Microsoft Pays Netscape $750 Million to Settle Antitrust Suit

Thursday May 29th, 2003

Several people wrote in to tell us that Microsoft has agreed to settle the private antitrust suit filed against it by Netscape Communications Corporation last year. Microsoft will pay AOL Time Warner, Netscape's parent company, $750 million to end the litigation. In a related agreement, Microsoft will give AOL a seven-year royalty-free license to use Internet Explorer and a long-term license to use its Windows Media 9 Series technology. The two giants have also agreed to work together on digital media initiatives and establish interoperability between the AOL Instant Messenger and MSN/Windows Messenger networks. In addition, Microsoft will give AOL more technical information about Windows and help AOL to distribute its software to some PC vendors.

CNN/Money, CNET and all have articles about the settlement. More details are available in Microsoft and AOL Time Warner's joint press release.

Update! Further reports are available from Slashdot, MSNBC, PC Magazine, InfoWorld, InternetNews, ENT News, EE Times and the Associated Press (via InformationWeek). Meanwhile, CNET asks if the IE licensing deal means the end of Netscape.

Another Update! CNET now has an entire special coverage section on the deal, which includes a longer updated main article. The report has also been revised and other stories can be found at Wired News, BetaNews and Reuters.

Another Update! Microsoft's PressPass site has a transcript of a press conference call with Microsoft's Bill Gates and AOL Time Warner's Richard Parsons, which has been extensively referred to by many media reports. A collection of soundbites from Bill Gates is also available.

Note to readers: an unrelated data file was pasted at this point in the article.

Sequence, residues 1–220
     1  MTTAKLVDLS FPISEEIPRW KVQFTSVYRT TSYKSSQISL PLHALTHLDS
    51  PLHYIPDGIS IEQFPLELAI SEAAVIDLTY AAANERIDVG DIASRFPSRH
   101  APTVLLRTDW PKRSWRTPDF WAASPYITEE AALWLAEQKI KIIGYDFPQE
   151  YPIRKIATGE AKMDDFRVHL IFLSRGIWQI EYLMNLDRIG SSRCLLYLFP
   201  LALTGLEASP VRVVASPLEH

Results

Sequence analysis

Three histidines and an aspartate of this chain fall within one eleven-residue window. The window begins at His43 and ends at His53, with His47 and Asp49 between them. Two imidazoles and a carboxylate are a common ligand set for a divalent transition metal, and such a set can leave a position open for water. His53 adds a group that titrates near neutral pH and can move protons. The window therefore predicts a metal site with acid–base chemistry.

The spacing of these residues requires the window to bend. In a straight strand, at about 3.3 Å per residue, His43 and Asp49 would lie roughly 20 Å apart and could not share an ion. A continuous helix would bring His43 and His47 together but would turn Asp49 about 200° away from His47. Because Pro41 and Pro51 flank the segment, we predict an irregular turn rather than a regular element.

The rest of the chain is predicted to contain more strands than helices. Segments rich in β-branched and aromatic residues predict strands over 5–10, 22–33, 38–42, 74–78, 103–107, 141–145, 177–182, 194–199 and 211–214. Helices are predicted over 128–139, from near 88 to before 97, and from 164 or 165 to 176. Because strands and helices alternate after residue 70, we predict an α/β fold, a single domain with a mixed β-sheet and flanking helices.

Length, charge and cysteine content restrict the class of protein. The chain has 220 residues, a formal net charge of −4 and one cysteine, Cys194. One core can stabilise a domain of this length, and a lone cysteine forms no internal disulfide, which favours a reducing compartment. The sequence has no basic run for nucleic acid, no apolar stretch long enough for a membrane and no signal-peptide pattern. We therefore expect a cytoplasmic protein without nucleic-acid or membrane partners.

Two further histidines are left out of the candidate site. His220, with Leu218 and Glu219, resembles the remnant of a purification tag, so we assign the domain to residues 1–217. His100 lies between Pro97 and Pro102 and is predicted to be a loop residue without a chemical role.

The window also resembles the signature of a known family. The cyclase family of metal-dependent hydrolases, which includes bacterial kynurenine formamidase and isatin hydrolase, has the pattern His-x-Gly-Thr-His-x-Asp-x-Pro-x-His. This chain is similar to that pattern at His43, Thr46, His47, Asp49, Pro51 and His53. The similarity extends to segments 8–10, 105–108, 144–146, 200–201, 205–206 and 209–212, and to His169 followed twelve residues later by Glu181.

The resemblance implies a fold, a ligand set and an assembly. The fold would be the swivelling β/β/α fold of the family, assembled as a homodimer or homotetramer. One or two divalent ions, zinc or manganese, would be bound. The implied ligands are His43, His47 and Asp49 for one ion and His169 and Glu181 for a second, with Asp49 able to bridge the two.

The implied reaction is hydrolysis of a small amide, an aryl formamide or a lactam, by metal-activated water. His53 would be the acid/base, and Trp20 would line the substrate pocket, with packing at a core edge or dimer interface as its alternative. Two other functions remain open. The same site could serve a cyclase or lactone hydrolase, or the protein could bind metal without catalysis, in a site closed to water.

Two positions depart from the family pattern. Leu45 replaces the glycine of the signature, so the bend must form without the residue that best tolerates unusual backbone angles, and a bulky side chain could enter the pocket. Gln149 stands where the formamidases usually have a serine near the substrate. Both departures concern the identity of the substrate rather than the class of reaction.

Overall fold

Another Update! Matt Kraai writes: "Salon is carrying an article on the Microsoft/AOL TW settlement and its effect on Mozilla. I found it via Boing Boing." To read the article, you'll either have to subscribe to Salon Premium or view a short ad, which will give you access to Salon for the day.

#67 The Munich Revolution - 14.000 Linux Desktops

by geraldb

Sunday June 1st, 2003 3:02 PM

You are replying to this message

Here is a slightly off-topic (re)post to help you get the story together and why XUL - <http://www.mozillazine.or…alkback.html?article=3213> - is so important.

As I see it the browser war is over and now the desktop war is on. Just recently, for example, the Munich city council decided to move 14.000 desktops from Windows to Linux, see the write-up of the story in CNET @ <…_3-1010740.html?tag=cd_mh>

So where does XUL come into the picture? HTML is the markup for browsers and XUL is the markup for desktops.

Unfortunately, the W3C leadership doesn't get it. To quote from Tim Bray's weblog:

<quote>The Browser Still Matters. Finally, there was a thread that said that the notion of running everything through the browser was broken anyhow, and what we really needed was something like WinForms, that would give the developer fine layout controls and richer UI apparatus like they used to have back in the days of Visual Basic.

This is another example of people Not Getting It. Why do you think the users turned away from VB to the browser? Because they by and large didnít like what the VB programmers of the world did with those fine layout controls and rich UI apparatus. I can remember like yesterday a Content Management conference about 1997, a woman from a big computer company talking about how great it was when they switched their CM system over from custom clients to the browser: ďItís so great!" The browser is so limited, so they had to throw away three-quarters of the buttons and sliders and pulldowns and options, and just do it with hyperlinks and simple forms... it was so much easier to use!Ē

For heavy authoring and graphics and so on, you need a native application. But a huge majority of business data processing is you interacting with a database off on a server somewhere, and as far as I can see, a Web Browser is still the best way to do that. WinForms? Pshaw! </quote>

Heard about XUL, Tim? I guess not too busy with the semantic web and RDF. Welcome to the XUL revolution.